FIFTEEN FUTURE FLIGHT DECK GUARDIANS ‘PASS IN’
Fifteen future guardians of Royal Navy flight decks have passed out of training and into the Fleet Air Arm as fully qualified Aircraft Handlers.
Having spent the past six months developing their skills at the Royal Naval School of Flight Deck Operations, they are keen to use all that they have learned to support aviation on board Royal Navy ships, and one day, safeguard the flight decks of our Nation’s new Aircraft Carriers.
As the motto of the Aircraft Handling branch states, every day of their careers, the new recruits will aim to keep the Royal Navy’s aircrew and aircraft ‘Nostris in Manibus Tuti - Safe in These Hands’.
A special ‘Passing in Parade’, held at RNAS Culdrose in Cornwall, marked the completion of the final stage of basic training, before the sailors move on to further courses at Culdrose or placements to give them more experience.
There is no margin for error when operating with live aircraft on a real flight deck at sea, therefore training is as realistic as possible. Much of their course has taken place on the ‘fire ground’ at the Air Station, where they have learned to use fire rescue equipment designed to save lives on the flight deck during emergencies at sea. They have also worked on the Royal Navy's own unique ‘Dummy Deck’ which is an exact replica of a real Aircraft Carrier’s flight deck, complete with moving Harrier jets, real Merlin helicopters and other aircraft.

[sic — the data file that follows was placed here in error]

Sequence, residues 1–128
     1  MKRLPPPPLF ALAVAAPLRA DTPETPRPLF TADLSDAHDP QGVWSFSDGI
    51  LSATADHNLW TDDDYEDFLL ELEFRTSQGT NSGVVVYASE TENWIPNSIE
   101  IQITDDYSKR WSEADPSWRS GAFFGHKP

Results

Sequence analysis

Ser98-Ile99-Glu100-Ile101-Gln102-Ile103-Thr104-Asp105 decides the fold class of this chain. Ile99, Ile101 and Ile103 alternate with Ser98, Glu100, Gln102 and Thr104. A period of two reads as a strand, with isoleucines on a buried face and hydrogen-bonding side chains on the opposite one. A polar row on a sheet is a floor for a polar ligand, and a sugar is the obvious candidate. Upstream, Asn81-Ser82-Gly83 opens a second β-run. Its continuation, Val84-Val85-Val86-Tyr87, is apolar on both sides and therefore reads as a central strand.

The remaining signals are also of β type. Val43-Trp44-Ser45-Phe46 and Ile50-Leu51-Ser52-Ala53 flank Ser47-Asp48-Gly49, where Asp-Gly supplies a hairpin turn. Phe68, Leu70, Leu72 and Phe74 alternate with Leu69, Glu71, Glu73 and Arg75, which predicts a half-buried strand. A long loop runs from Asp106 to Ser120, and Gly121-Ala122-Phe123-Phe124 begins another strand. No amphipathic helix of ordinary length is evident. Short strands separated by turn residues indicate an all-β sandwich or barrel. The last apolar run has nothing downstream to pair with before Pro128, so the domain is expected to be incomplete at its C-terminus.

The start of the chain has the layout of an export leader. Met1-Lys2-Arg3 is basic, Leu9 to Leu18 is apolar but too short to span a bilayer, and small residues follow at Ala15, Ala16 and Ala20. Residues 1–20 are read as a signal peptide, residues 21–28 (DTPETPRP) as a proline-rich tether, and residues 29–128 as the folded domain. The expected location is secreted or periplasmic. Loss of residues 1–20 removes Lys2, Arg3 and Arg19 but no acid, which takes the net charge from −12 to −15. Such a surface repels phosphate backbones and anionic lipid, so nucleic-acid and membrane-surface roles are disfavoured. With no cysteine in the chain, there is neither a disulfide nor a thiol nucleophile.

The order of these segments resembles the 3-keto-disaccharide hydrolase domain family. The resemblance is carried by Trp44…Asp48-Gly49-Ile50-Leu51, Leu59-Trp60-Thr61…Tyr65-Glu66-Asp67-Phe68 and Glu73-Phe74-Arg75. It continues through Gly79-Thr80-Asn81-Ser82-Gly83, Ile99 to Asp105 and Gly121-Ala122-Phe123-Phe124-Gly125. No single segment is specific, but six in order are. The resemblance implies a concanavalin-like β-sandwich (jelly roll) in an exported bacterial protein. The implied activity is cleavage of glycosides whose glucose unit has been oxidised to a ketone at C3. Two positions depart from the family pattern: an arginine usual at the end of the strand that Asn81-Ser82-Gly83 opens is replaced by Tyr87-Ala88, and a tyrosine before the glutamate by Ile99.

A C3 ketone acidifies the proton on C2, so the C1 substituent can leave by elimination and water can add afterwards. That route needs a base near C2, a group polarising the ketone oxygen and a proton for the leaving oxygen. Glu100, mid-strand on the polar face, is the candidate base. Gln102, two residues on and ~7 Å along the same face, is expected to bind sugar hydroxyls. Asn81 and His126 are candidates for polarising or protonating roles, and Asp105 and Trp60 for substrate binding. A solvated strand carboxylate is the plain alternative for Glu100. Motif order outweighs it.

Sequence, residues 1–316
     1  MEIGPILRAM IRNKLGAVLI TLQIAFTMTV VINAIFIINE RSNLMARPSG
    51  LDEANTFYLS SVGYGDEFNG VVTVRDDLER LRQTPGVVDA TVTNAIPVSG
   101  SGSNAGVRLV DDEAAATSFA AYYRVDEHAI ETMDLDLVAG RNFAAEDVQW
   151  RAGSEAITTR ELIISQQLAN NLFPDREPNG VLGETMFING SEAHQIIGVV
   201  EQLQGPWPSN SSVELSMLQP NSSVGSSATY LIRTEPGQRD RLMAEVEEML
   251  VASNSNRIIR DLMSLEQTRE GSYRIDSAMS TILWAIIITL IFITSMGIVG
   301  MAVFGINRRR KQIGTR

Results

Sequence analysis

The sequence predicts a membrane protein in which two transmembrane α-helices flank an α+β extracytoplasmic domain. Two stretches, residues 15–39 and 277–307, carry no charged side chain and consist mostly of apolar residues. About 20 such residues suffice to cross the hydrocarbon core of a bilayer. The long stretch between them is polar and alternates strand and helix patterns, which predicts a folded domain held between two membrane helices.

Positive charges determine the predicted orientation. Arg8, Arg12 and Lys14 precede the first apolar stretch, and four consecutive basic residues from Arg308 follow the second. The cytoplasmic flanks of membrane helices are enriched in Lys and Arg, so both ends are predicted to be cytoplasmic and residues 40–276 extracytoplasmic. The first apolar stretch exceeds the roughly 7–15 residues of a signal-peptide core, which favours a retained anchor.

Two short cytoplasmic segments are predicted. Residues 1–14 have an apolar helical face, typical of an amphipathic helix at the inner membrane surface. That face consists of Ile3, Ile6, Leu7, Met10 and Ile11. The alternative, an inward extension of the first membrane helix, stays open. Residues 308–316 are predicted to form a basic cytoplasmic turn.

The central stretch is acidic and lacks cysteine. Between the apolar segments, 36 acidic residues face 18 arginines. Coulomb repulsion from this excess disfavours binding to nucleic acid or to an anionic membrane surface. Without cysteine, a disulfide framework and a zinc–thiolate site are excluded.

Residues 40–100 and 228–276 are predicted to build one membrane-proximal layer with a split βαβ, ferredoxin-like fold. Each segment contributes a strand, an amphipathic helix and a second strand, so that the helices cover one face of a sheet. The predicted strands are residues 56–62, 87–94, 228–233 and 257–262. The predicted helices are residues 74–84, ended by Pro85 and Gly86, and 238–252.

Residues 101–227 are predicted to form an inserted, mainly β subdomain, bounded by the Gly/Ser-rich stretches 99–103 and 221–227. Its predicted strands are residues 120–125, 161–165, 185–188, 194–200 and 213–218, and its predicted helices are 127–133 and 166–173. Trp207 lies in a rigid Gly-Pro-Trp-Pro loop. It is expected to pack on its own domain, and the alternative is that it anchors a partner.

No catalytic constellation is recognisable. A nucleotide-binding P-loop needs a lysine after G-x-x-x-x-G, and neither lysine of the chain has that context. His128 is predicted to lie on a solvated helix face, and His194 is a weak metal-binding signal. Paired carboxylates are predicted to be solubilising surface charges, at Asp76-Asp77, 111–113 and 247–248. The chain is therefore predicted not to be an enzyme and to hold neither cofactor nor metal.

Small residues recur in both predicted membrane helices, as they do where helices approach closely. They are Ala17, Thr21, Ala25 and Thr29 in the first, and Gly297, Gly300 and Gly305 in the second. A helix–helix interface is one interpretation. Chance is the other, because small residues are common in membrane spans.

This course has been one of the first to use real models of F-35B jets during training. Four life-size replicas of the F-35 Lightning II jets, which will fly from HMS Queen Elizabeth, help flight deck teams to learn the art of working with the world’s most advanced warplanes. While they have no engines, sensors or weapons, the four replica F-35s allow ‘Handlers’ to get used to the size and weight of the real thing – without the danger of damaging a multi-million pound stealth fighter.
Family and friends proudly watched as the branch badges were awarded at the special ceremony. The Naval Airmen were presented with their certificates and awards by Commander James Blackmore, Commander of the Fixed Wing Force at RNAS Culdrose. Himself a fast jet pilot, he re-iterated the importance of Aircraft Handlers when delivering ‘Carrier Aviation’. He said: “The Royal Navy’s runways are not stationary, they move. I myself have flown fast jets to and from aircraft carriers, and it is the Aircraft Handlers who kept me safe. Do not underestimate the role that you will play. You are fundamental to the safe delivery of aviation. The Royal Navy will soon be flying jets from aircraft carriers again, and Aircraft Handlers will have a significant role to play in managing aircraft safety from those four acre flight decks.”
Following the passing in ceremony, the Naval Airmen changed from ‘Number One’ uniforms into their working rig to give a demonstration of how aircraft are moved around a ships flight deck as they are prepared for take-off. This was followed by another change of clothes; into their protective fire fighting equipment and the Naval Airmen then demonstrated how to fight a fire.
One of those 'passing in', and winning the award for the best student on the fire-fighting phase of the course, Naval Airman Stephen Cameron said: "Aircraft Handling is known to be very dangerous, but you don’t think about it when you are doing it. When you are close to a live fire, you can feel the heat, but you just do your job. It’s only afterwards that you think back to how hot it was. Throughout the course, everything is ‘as it would be’ in real life. On the flight deck, moving the chocks, walking under the engine, smelling the AVTUR – it’s very realistic."